Delayed publication of report on peat alternatives ‘very concerning’
Members of the horticulture industry will wait until the end of the month to hear the findings of the report
7 October 2021
A delay in the publication of a highly anticipated report on peat alternatives in Ireland has been described as “very concerning” by Sinn Féin TD Matt Carthy.
The report is expected to identify possible alternatives to peat and to outline the research required to produce commercially effective alternatives for the horticulture sector. Initially scheduled to be published by the end of September, the publication date has since been pushed to the end of October.
The report is being put together by a working group on horticultural peat, which was established this year. Led by independent chair Dr Munoo Prasad, the working group has been primarily tasked with considering any alternatives to peat. The group has held 11 meetings to date.
Last month, junior minister Malcolm Noonan, who has responsibility for the issue in the Department of Housing, told Carthy that the report would be completed and sent to him by the end of September.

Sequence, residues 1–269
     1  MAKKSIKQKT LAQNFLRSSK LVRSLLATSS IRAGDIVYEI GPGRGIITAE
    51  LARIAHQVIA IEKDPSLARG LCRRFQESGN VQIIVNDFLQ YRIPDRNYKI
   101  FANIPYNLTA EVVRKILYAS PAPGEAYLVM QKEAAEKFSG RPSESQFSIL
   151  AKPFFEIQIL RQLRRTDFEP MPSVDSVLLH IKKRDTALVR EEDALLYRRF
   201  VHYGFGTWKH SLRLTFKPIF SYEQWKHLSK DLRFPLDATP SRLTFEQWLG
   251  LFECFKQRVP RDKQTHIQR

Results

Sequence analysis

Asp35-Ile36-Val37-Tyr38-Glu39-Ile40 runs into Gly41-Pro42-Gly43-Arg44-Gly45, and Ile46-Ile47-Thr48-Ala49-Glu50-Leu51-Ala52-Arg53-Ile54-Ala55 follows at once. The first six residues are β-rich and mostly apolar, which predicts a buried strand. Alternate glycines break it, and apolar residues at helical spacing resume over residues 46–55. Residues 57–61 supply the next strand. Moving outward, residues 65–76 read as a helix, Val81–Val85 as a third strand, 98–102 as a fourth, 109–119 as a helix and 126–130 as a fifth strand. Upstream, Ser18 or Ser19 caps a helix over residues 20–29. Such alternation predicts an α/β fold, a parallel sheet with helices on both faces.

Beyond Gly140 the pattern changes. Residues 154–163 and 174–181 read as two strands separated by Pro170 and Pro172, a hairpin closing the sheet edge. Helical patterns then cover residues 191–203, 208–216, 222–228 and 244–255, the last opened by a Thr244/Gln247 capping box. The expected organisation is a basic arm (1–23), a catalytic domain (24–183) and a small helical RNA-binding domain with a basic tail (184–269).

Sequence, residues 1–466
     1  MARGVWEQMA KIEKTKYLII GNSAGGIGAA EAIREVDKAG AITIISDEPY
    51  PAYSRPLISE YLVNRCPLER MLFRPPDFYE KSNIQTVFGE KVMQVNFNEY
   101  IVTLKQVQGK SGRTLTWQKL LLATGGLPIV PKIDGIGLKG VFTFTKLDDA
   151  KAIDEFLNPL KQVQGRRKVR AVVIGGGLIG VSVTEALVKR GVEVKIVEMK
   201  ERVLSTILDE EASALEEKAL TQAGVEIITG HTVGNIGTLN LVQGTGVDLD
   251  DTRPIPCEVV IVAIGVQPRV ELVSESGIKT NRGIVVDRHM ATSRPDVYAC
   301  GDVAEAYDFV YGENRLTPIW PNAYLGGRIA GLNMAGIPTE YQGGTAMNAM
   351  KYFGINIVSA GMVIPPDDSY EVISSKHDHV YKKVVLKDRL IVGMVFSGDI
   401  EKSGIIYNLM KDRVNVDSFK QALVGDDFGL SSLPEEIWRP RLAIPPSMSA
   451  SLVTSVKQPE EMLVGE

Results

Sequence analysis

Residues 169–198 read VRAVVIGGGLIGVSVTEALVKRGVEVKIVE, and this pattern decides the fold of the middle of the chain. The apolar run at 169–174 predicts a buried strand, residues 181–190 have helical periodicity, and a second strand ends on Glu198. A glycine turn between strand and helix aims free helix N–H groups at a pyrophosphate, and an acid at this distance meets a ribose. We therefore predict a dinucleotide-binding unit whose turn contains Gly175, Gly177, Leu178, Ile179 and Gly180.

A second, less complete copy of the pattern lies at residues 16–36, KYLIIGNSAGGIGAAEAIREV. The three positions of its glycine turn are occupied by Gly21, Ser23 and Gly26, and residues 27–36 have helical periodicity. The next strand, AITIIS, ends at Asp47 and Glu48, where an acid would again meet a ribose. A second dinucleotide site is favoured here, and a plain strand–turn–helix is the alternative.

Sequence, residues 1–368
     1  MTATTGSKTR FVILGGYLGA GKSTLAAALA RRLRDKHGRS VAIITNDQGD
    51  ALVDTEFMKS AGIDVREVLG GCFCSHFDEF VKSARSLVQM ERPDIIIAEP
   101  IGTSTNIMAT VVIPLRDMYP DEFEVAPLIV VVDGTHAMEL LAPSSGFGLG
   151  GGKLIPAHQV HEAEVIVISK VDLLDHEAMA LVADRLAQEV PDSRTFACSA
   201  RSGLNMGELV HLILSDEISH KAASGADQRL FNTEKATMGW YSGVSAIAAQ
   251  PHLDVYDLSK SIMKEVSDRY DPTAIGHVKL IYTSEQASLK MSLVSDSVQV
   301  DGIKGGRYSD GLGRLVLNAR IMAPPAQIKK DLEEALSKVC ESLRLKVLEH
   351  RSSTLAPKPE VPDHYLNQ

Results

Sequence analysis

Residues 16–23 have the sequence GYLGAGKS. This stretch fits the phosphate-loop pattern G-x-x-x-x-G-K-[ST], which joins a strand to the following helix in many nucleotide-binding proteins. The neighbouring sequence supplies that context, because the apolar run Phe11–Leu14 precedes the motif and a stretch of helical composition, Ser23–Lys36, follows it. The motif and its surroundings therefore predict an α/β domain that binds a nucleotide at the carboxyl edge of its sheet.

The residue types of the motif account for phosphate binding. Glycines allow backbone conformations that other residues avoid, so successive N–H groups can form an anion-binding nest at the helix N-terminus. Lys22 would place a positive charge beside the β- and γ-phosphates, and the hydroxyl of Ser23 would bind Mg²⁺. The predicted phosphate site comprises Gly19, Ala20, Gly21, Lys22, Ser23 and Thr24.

However, it was recently confirmed by the Department of Housing that the report had not been completed by the deadline.
“The chair of the working group has indicated to the minister that the final report is at an advanced stage and will be provided to him before the end of October,” a spokesperson told the PA news agency. “The brief extension was granted by Minister Noonan following a request by the chair, who informed him that the group needed more time to finalise the report.”
Speaking to PA, Carthy called the delay “very concerning” and questioned why the publication date had been pushed back “without explanation”.
The postponement comes after Ireland imported horticultural peat for the first time since implementing the ban on peat harvesting.
The 3,600 tonnes of Latvian peat, which travelled over 3,000KMs to Ireland, is to supplement the reserve supplies of Irish peat that have now been almost exhausted, forcing the sector to import peat into Ireland at a higher cost both financially and environmentally, placing 17,000 jobs across Ireland’s horticultural sector at risk.
Many scheduled shipments from the Baltic states and other EU countries are expected over the coming weeks and months to supply Ireland’s horticultural sector.
“It’s clearly environmental and economic lunacy and therefore there needs to be urgent government action to resolve it,” continued Carthy. “I have great fears for the mushroom industry, because there is no realistic alternative at present.”
Carthy added: “In the absence of that, only two things can happen. Either peat will be imported or the mushroom sector will be exported.”